Thursday, March 29, 2007

Food for 3/29

I had
1 egg and cheese on a bagel
1 cup of caffeinated coffe
1 egg salad sandwich on rye
1 cranberry juice
1 ready made Indian entree w/ nan bread
2 vodka tonics
1 packet of banana nut oatmeal
two crackers with cream cheese

Ran four miles today

Temptation, and we're not talking about the group

In the Feeling Good Handbook, author David Burns describes temptations to do maladaptive things such as using drugs and alcohol as well as binge eating as a means of regulating one's moods and emotions.

Compulsive eaters are like drug addicts in a sense, constantly seeking a momentary refuge and repreive in habit.

A common habit that people with poor eating habits have (myself included) is to justify their malaptive behavior by using one of the following reasonings.

The first rationalization is called "fortune-telling".

By fortune telling, a person tells himself that in eating an extra slice of pizza or snacking when he is not hungry, he will bring some happiness into his life. It seems so extreme, doesn't it? But think about it for a moment. There is truth to it. I remember binge eating when I lived at my folk's house two years ago. It would be late at night and there was all the food I could imagine eating. I would head to the cupboard to have some cereal or to the fridge for some cheese and salsa to go with my nachos. I was never full, either. I went from a managable 190 pounds to over 200 in six months. I now weigh even more. But in my rush to chomp, chew and bite on something edible, was I missing something in how I felt? I think so. At the time--and I suppose all the time that I head out for a late night snack--I'm anxious, sleepless or preoccupied with something. I nearly always feel rushed. What about you?

The second rationalization is called a "should statement".

A double edged sword of containing ones eating is to prohibit certain foods. When we say, "I wont eat anymore extreme nachos, ever again. I'll be dead and never have eaten another," we're simply making the problem worse. It's an insincere notion to say we wont or can't have another thing that we enjoy. Extreme nachos aren't the problem, afterall. We're the problem. It's the same as the gun debate is. Guns don't shoot people on the street. It's the people who own the guns and don't use them the right way. By making a food forbidden, same as a sex act, it becomes more desirable and our appetite for it harder to sate.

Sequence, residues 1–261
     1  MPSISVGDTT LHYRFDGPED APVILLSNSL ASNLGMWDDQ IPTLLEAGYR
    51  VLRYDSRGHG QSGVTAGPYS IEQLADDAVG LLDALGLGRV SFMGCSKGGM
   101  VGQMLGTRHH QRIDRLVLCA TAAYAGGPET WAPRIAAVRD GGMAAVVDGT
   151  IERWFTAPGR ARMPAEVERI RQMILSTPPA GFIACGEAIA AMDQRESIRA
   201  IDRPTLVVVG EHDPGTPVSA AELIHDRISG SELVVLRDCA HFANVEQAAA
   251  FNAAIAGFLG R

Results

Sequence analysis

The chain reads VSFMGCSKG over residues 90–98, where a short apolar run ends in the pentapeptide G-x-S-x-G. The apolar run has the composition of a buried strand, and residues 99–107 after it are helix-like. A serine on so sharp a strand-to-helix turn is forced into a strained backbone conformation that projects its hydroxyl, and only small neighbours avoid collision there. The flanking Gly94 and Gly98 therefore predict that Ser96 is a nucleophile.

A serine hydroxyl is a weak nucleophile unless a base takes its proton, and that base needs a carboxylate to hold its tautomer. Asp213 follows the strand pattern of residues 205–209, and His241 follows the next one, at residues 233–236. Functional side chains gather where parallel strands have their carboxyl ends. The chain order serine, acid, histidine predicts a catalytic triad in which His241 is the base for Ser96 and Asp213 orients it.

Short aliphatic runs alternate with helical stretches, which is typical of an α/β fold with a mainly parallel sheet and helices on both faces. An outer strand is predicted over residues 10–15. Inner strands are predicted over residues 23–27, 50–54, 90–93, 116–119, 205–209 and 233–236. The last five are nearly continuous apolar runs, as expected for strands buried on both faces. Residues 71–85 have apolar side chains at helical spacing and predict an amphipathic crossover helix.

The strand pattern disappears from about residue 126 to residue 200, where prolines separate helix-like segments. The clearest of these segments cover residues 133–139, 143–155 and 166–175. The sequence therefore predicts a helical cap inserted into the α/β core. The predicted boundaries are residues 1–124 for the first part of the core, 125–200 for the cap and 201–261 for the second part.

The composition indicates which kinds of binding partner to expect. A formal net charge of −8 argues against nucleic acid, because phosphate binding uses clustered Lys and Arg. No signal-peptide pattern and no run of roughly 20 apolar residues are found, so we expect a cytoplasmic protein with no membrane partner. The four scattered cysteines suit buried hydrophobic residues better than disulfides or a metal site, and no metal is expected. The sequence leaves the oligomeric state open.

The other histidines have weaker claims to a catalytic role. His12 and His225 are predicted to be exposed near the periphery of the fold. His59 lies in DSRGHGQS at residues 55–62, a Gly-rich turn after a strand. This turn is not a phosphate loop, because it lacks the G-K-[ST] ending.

The third rationalization is called "emotional reasoning".

The illusion of any compulsive behavior is that it will make you feel good. If a behavior is compulsive that means it is one that requires repetition, redoing and constant revisiting. If a gambler was truly happy by gambling, wouldn't he only gamble once or twice? He wouldn't need thirty scratch off lottery tickets in one day. The same goes for eating. I've been in a gas station before to pay for the tank of fuel I've pumped and there on display is a Reese's snack. I love peanut butter and chocolate (wow, I sound like a woman) and always will and have every right to. But I'll have eaten or wont have the opportunity to exercise off the 250 calories, carbohydrates and saturated fats contained within the food. Nevertheless, I'll make the rationalization, right there at the register that I'll feel better, I deserve it, and to deny myself the snack is to be cruel to my psyche and my soul. Although it seems hard to acknowledge, the flip side is that being fit and in good shape, attractive and virile is treating oneself well. When I lose the 30 pounds that I've been trying to lose, I'll feel better about myself in a way that compulsive eating never would allow me to. And then the occassional bar will likely be more enjoyable.